Any differences over the extent to which the Assad regime has cooperated may bring us back to square one, with certain Western states and their Middle Eastern allies calling for military action outside the United Nations because permanent, veto-wielding Security Council members Russia and China will have once again blocked any measures against their ally.
“If Assad fails to comply with the framework, we are all agreed that there will be consequences,” said U.S. Secretary of State John Kerry, referring to Washington, London and Paris. “The threat of force remains, the threat is real,” he added. “We cannot have hollow words in the conduct of international affairs. Make no mistake, we have taken no options off the table.”
Assad and Putin may calculate that this is a bluff, in light of public opinion in those countries strongly opposed to any military intervention in Syria whatsoever. U.S. President Barack Obama may well find it even harder to sell such a proposition if Damascus is at least seen to be cooperating to some extent in its chemical disarmament.
However, if there is a sense that the regime is playing cat and mouse, this could exhaust the patience and increase the resolve of the U.S. administration and its allies, and possibly convince enough of their electorates that something must be done.
In their recent, bungled push for military action, Obama, British Prime Minister David Cameron and French President Francois Hollande ended up with egg on their faces. They may not accept losing further credibility by being seen as impotent once again if Assad does not comply with his obligations. Next time round, they may have learned from their past mistakes to more effectively market their case.
That does not necessarily mean military intervention if public opinion will not accept that. The United States, Britain and France agreed last week to increase their backing for Syrian rebels, and there has been a recent rise in military supplies from Arab states.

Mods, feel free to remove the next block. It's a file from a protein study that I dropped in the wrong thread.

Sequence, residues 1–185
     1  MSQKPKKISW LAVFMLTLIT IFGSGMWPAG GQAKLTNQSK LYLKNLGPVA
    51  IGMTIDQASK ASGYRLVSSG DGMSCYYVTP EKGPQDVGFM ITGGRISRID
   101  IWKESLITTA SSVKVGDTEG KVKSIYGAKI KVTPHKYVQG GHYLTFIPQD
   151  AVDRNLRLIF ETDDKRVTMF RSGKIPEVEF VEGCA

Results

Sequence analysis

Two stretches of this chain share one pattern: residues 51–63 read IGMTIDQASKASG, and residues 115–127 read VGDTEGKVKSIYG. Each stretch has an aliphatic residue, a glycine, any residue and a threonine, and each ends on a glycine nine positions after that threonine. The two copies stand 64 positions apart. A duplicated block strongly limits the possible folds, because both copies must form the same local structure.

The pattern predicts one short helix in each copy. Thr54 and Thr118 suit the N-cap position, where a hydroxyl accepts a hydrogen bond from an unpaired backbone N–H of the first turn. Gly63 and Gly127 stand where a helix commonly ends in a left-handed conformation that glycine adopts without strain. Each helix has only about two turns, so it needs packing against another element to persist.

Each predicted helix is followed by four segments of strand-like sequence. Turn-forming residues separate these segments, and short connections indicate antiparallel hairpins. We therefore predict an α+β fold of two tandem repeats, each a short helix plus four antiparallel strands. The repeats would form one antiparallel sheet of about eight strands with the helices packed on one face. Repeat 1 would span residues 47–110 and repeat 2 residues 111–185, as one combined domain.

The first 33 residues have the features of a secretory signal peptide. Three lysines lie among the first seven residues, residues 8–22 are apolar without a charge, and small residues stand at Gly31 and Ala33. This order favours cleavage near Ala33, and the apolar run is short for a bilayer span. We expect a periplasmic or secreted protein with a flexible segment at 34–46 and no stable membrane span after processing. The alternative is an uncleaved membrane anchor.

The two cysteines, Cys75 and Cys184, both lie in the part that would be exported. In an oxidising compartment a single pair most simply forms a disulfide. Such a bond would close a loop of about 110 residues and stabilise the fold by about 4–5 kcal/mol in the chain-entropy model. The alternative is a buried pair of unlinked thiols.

This could be accelerated and expanded, as a less politically risky alternative to getting directly involved. Indeed, domestic opposition to arming the rebels, while widespread, has been nowhere near as vocal, and has not led to street protests.
There are those who will argue that I am being overly cynical about a disarmament process that has only just begun. However, in an ever-worsening conflict that this chemical weapons agreement does nothing to alleviate, any credible cause for optimism died long ago.
Sharif Nashashibi, a regular contributor to Al Arabiya English, The Middle East magazine and the Guardian, is an award-winning journalist and frequent interviewee on Arab affairs. He is co-founder of Arab Media Watch, an independent, non-profit watchdog set up in 2000 to strive for objective coverage of Arab issues in the British media. With an MA in International Journalism from London's City University, Nashashibi has worked and trained at Dow Jones Newswires, Reuters, the U.N. Development Programme in Palestine, the Middle East Broadcasting Centre, the Middle East Economic Survey in Cyprus, and the Middle East Times, among others. In 2008, he received the International Media Council's "Breakaway Award," given to promising new journalists, "for both facilitating and producing consistently balanced reporting on the highly emotive and polarized arena that is the Middle East." He can be found on Twitter: @sharifnash